By Maryellen Fillo, The Hartford Courant, Conn.
Jun. 26–Exoticize? Or maybe bump-and-grinderobics. No matter what you call it, putting the XXX in exercise has its benefits.
From California to Connecticut, lap-dance moves once designed for gentlemen’s clubs have taken on a new life as a women-only way to move as if no one were watching. And, as an added benefit, lap dancing gives those always needy leg and ab muscles a workout they are sure to remember the day after.
Core Studio, a Plainville exercise studio, has parlayed a single lap-dancing class into a monthly gathering for 25 women, from twentysomething to seventysomething, who can’t wait to get out of the house and under the strobe lights, where they can be not so nice in a perfectly appropriate way.
“I’m 48; I feel like 18,” said Linda Brierty, sporting turquoise chandelier earrings and a short white skirt — not your typical exercise-class apparel — as she got ready for her first try at the fitness lap-dance class.
“This program is out of the box,” said Brierty, of New York City, who came with girlfriend, Lisa Geissler of Farmington. “You can’t find anything like this in the city.”
Under the tutelage of studio owners Jenn Miller and Joy Perugini, the session opens with a champagne toast and themed goody bags that include body glitter and lip gloss for everyone — just to set the mood. A range of body types fills the room, but all agree they look pretty good, thanks to forgiving strobe lights that spotlight the two owners as they demonstrate the night’s routine.
The only prop, other than some sexy attitude, is a folding chair. A playlist of 23 songs — like Eminem’s “Shake That,” Mariah Carey’s “Touch My Body,” Beyonce’s “Naughty Girls,” Def Leppard’s “Pour Some Sugar On Me” and Motley Crue’s “Girls, Girls, Girls” — provides the down-and-dirty music for the choreographed dance.
“Who’s in your chair?” yells out Miller as women take turns sauntering up to one of the empty chairs to practice each new segment of the routine. “Work it, ladies; be a naughty girl” is the battle cry as dancers encourage each other while simultaneously trying to channel the likes of Jennifer Beals’ character in “Flashdance” or Jamie Lee Curtis’ housewife-gone-wild in “True Lies” to get the moves just right.
“My husband thinks it’s a riot that I’m here,” said Linda Kennedy of Avon, who has been married for 22 years and is taking the class for the first time. “I guess we’ll find out when I get home if he is into it.”
But don’t think this is only about working on the sensual side. After two hours of learning and relearning the three-minute dance, you barely notice that you have given your body a serious workout until it is too late to dial it back a bit.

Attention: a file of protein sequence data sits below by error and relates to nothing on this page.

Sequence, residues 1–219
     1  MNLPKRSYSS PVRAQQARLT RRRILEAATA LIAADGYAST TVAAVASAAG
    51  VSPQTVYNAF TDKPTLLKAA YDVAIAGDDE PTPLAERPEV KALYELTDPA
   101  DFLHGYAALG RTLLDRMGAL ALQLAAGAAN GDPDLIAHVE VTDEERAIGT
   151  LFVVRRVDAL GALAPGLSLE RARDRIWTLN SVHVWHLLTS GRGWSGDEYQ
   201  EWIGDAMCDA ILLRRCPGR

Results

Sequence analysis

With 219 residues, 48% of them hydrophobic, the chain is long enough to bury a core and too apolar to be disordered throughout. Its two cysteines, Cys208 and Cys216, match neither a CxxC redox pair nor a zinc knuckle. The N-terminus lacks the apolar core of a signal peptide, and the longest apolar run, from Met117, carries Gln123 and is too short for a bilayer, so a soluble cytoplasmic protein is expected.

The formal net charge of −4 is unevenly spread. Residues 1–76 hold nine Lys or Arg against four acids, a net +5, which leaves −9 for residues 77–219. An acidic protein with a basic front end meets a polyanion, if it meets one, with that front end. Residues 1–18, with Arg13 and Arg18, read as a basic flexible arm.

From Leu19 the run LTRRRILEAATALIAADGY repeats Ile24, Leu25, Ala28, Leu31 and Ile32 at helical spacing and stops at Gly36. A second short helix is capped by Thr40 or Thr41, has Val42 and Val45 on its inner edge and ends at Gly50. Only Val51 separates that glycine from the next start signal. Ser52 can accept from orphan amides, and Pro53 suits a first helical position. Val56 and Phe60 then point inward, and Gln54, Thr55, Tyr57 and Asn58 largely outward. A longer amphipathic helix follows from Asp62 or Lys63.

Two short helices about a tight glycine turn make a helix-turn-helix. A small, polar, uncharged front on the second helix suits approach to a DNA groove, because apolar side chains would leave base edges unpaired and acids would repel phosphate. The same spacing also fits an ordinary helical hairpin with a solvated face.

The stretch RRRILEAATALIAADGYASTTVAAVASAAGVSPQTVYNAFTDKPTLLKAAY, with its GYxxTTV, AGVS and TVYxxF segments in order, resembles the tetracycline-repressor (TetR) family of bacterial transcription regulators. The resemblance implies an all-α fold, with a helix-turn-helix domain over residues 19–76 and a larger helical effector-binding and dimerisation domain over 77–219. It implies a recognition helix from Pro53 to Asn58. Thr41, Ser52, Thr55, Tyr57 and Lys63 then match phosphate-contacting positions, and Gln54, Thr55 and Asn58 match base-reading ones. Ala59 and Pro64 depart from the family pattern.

Perugini and Miller are dead serious about providing clients with a good exercise option at their studio, which also offers more traditional classes, such as spinning and Pilates. But when they offered a one-time-only lap-dancing class, it proved so popular that they now offer it once a month, with each class filled to capacity.
“I think this gives women a safe environment to let go of inhibitions and find their sexy side,” said Perugini. “Learning to lap dance or pole dance is more socially accepted, and women are more empowered these days to try it. And there is the exercise benefit to it. It’s not traditional cardio work, but it is a great workout for hips, legs, abs and balance. You sweat, you have fun and you free your mind of all the junk that goes on all day.”
For 37-year-old Robin Condon of Farmington, who is single, the class is not only an interesting workout alternative to the classes she usually takes but a way to go out, dance and let loose without having to deal with the bar scene.
“I’ve gone to all three of the classes so far and love it,” said Condon. “It’s a way to be sexy and free and liberated.”
The next fitness lap-dancing classes at Core Studio, 32 Whiting St., Plainville, are July 18 and Aug.22. Cost is $35 for nonmembers and $20 for members. Information: 860.793.6683 or corefitnessinc.com.
Contact MaryEllen Fillo at [email protected]
To see more of The Hartford Courant, or to subscribe to the newspaper, go to http://www.courant.com/.
Copyright (c) 2008, The Hartford Courant, Conn.
Distributed by McClatchy-Tribune Information Services.
For reprints, email [email protected], call 800-374-7985 or 847-635-6550, send a fax to 847-635-6968, or write to The Permissions Group Inc., 1247 Milwaukee Ave., Suite 303, Glenview, IL 60025, USA.